Yesterday was one of those particularly rough travel days. Flights delayed. Connections missed. And another unplanned night away from home. (Although, six hours in the Sioux Falls Airport wasn’t as excruciating as it sounds.)
As I was waiting for my flight, however, I was watching a little girl, maybe 4-years old, running around with her mom. Since she was close in age to K-Man and because I’d already been gone for five days, I couldn’t help but watch her run up and down the hallway (“terminal” seems to broad of a description). Like most kids her age, she was blissfully unaware of the people watching her. Many of us stuck and of us smiling.
The little girl and her mom had been ahead of me in the security “line” (again, that seems like an exaggeration) and I noticed that they didn’t have any bags. “Traveling light with a little one? Bold.” I said. She just smiled and told me that they weren’t going anywhere, but instead were meeting her husband at the gate. I thought that was cool and wondered if dad had been away on a business trip for some time and if things like waiting at the gate was more easily allowed in a small town.
As the little girl kept running up and down the hallway, dad got off the plane. And he had indeed been on quite a business trip. Dressed in fatigues, dad had just returned from Afghanistan. I’ve never witnessed one of those military reunions live, in real life. I’ve seen plenty of them on TV, of course, and they always seem so staged. But here, in Sioux Falls, there weren’t any cameras rolling – just unbridled joy. True love on display.
The little girl wrapped her arms around her daddy and with what I think might be the perfect mix of laughing and crying, kept saying, “Daddy,” over and over again. He pulled a stuffed animal out of his bag and gave it to her – from what I could tell, it was hers and she was just letting him borrow it. Although there were probably 50 or more people just transfixed on them, I don’t think they had any clue. This family of three was in their own space, together for the first time in months, I imagine, and they couldn’t have cared less about anyone else.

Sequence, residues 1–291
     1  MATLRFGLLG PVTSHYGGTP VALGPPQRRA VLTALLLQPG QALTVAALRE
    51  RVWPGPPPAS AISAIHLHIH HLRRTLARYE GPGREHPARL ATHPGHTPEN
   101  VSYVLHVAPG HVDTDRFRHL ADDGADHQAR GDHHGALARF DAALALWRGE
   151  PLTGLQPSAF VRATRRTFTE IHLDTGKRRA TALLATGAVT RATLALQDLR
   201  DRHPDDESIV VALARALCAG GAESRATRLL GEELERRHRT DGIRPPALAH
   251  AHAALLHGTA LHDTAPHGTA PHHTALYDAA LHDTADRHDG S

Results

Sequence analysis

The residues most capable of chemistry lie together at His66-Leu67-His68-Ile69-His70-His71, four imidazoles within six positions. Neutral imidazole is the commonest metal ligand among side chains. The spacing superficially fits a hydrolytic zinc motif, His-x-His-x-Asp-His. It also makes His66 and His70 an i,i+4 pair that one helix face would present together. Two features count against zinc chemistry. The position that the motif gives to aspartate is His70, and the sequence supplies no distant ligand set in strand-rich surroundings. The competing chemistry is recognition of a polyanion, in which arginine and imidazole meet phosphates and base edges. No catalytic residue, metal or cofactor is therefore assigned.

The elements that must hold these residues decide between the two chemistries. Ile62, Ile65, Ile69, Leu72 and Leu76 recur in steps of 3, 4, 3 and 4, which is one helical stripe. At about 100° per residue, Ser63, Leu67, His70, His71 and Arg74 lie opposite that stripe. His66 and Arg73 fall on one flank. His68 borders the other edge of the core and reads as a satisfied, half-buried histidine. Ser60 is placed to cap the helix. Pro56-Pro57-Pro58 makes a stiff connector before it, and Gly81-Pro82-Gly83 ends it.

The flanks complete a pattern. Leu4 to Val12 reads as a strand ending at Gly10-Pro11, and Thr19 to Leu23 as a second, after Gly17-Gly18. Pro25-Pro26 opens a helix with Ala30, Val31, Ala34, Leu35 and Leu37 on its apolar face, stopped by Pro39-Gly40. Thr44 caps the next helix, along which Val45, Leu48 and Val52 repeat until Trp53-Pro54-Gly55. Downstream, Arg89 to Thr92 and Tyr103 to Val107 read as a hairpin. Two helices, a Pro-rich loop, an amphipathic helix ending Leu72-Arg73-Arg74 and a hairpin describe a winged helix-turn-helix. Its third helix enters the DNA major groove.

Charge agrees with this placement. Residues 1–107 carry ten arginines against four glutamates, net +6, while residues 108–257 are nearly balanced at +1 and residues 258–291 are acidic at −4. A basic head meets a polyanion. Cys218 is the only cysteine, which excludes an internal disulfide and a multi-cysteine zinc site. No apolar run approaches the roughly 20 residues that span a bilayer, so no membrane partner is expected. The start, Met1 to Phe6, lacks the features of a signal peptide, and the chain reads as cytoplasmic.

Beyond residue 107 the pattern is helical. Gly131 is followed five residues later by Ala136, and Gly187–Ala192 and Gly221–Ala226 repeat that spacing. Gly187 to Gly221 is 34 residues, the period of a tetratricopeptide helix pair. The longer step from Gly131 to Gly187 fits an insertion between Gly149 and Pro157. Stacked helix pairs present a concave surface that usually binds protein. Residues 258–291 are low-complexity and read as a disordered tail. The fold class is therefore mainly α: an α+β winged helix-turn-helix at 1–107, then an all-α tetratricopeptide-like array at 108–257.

I don’t have much firsthand experience with the military. I don’t have any good friends who have gone into the Service, and to my knowledge, I don’t personally know anyone well (or maybe anyone at all) who has been killed in combat. Reading Jon Krakauer’s story about Pat Tillman might be the closest I’ve ever gotten to “understanding” (HUGE exaggeration) what’s happening in the Middle East. In other words, I don’t have a clue.
But watching this scene unfold before me in Sioux Falls was an amazing moment. So many thoughts of my own life flashed before me. Yes, naturally, there was that cold splash of perspective. I get to be with my family every single day and I stress about things like social media. Am I “doing it right?” Is K-Man a happy kid? The natural, normal stuff. I’m confident in the fact that I’m a pretty good dad, so I don’t stress about that too much. And, I know that perspective is easy to find in all kinds of places.
But I also know that I can do better. And I think that’s what I’m going to take away. After all. We only get one shot at Real Life.